Chapter 3: An Asian leader: Japan’s development trajectory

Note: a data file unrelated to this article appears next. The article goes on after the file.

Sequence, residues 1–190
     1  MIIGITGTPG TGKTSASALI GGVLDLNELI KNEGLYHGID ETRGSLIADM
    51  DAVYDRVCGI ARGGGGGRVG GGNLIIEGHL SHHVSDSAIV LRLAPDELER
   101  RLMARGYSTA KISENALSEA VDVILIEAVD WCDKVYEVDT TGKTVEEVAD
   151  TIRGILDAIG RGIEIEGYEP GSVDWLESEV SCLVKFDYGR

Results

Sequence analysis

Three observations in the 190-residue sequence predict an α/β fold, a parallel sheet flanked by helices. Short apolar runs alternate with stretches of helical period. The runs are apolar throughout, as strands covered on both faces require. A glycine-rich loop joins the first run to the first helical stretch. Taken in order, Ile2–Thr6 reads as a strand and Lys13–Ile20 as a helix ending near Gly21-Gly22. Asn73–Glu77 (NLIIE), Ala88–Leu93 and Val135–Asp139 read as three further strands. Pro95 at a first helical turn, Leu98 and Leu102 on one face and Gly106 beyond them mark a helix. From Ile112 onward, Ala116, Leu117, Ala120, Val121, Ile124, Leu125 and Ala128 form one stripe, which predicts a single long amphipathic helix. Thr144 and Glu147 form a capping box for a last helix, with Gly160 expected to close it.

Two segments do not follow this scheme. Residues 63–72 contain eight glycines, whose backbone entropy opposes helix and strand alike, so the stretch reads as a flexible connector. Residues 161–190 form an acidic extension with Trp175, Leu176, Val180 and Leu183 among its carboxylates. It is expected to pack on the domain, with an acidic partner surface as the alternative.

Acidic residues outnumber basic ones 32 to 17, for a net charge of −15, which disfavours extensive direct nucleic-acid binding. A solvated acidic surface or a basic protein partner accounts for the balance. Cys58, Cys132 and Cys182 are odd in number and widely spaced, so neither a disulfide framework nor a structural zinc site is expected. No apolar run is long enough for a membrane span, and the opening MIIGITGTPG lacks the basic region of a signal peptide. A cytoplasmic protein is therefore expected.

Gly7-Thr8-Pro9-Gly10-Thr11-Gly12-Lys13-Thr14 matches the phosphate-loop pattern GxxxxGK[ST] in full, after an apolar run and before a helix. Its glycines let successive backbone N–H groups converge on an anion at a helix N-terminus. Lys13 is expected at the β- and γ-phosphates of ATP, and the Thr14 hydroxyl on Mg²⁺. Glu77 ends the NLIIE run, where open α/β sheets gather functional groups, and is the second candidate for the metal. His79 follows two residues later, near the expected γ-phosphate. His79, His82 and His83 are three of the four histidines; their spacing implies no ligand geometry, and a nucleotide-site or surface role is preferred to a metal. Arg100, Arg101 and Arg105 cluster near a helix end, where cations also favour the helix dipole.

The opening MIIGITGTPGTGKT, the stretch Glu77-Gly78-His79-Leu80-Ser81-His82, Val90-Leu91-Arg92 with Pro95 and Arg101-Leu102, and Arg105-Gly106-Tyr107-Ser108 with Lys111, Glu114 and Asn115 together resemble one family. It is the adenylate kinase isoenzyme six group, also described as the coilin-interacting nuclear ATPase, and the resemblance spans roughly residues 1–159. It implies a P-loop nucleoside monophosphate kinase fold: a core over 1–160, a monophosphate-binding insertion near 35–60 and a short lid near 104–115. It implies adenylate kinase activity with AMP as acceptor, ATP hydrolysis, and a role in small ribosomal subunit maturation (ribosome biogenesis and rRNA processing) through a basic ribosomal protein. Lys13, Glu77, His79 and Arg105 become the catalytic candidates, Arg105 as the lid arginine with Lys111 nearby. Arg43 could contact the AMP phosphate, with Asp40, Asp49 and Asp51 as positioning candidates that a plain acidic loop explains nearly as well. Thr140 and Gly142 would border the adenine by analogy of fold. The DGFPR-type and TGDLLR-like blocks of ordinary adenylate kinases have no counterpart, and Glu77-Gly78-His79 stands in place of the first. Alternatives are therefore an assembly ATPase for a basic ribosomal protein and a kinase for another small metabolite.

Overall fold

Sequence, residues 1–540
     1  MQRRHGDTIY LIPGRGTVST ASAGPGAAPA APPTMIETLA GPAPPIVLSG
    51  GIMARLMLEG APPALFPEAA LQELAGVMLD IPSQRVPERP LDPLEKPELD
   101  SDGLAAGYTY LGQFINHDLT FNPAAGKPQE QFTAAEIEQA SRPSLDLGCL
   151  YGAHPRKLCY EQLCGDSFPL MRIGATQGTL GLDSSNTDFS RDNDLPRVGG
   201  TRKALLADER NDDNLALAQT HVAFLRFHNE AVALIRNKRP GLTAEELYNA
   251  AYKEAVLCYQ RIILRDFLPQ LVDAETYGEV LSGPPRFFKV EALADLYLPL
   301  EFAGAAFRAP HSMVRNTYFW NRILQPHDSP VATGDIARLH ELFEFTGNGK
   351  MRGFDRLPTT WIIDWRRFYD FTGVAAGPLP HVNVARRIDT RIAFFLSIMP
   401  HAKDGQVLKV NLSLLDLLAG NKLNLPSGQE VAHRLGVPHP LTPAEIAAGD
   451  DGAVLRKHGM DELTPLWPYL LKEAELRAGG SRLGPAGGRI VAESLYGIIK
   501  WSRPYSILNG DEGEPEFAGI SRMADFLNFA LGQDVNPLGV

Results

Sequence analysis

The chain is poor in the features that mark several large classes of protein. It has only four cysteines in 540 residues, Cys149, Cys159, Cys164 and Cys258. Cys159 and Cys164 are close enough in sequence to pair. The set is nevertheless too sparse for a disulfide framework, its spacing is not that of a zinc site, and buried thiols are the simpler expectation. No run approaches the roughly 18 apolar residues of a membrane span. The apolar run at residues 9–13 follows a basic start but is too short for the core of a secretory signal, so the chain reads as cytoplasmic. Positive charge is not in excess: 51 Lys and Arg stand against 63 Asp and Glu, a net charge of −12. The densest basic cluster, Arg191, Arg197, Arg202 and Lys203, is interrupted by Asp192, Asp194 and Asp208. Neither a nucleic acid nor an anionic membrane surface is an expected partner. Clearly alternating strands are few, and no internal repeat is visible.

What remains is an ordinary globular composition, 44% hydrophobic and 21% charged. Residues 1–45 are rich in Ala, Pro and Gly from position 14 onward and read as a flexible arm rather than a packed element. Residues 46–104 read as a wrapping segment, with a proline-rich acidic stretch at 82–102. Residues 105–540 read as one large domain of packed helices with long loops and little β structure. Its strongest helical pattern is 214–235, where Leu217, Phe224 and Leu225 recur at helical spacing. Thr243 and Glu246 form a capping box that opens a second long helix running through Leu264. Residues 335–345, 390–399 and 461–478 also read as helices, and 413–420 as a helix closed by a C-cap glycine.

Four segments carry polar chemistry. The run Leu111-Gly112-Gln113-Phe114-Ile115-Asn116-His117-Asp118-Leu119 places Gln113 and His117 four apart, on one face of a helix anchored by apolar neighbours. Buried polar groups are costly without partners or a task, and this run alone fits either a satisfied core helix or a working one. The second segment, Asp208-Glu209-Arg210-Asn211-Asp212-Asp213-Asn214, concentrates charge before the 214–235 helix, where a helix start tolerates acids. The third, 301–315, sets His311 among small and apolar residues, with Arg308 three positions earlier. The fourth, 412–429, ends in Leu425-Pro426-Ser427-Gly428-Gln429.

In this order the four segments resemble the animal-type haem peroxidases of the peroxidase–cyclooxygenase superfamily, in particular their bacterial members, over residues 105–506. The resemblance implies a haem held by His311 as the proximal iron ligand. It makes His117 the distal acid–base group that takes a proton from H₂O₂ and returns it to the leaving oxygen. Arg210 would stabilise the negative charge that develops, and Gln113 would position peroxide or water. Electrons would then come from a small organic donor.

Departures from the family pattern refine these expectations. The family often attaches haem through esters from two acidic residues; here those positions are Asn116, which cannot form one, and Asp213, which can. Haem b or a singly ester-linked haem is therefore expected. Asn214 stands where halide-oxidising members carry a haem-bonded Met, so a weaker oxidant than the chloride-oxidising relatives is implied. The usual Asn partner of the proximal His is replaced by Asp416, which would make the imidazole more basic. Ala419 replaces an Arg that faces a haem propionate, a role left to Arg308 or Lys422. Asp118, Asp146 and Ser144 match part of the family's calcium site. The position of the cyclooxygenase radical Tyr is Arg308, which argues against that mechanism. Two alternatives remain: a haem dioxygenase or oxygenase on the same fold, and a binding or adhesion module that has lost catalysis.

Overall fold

Japan’s development trajectory was heavily influenced by two factors: geography and foreign intervention. As a mountainous island nation, Japan lacked many natural resources and faced barriers to transportation, and was forced to make a concerted effort to industrialize. Japan was given impetus to develop after its negative experiences with traders from the United States, who forced Japan to open up to trade. This caused Japan to feel its own deficiencies painfully; with insufficient resource security and barriers to development, Japan had to seek innovative ways and obtain sufficient funds to industrialize. Japan is an island chain in the North Pacific Ocean (Figure 3.1), east of Korea, Russia, and China (US Central Intelligence Agency 2012). With terrain that is mountainous and rugged, only 12 percent of Japan’s land mass is comprised of arable land. The Japanese Alps on the main island of Honshu cover an area 140 miles long and 60 miles wide. Per capita land mass is the smallest of all G-7 nations. Because of Japan’s mountainous terrain, it was not until the 1960s that Japan was able to build up its road network, and the main form of transportation remained the railways.
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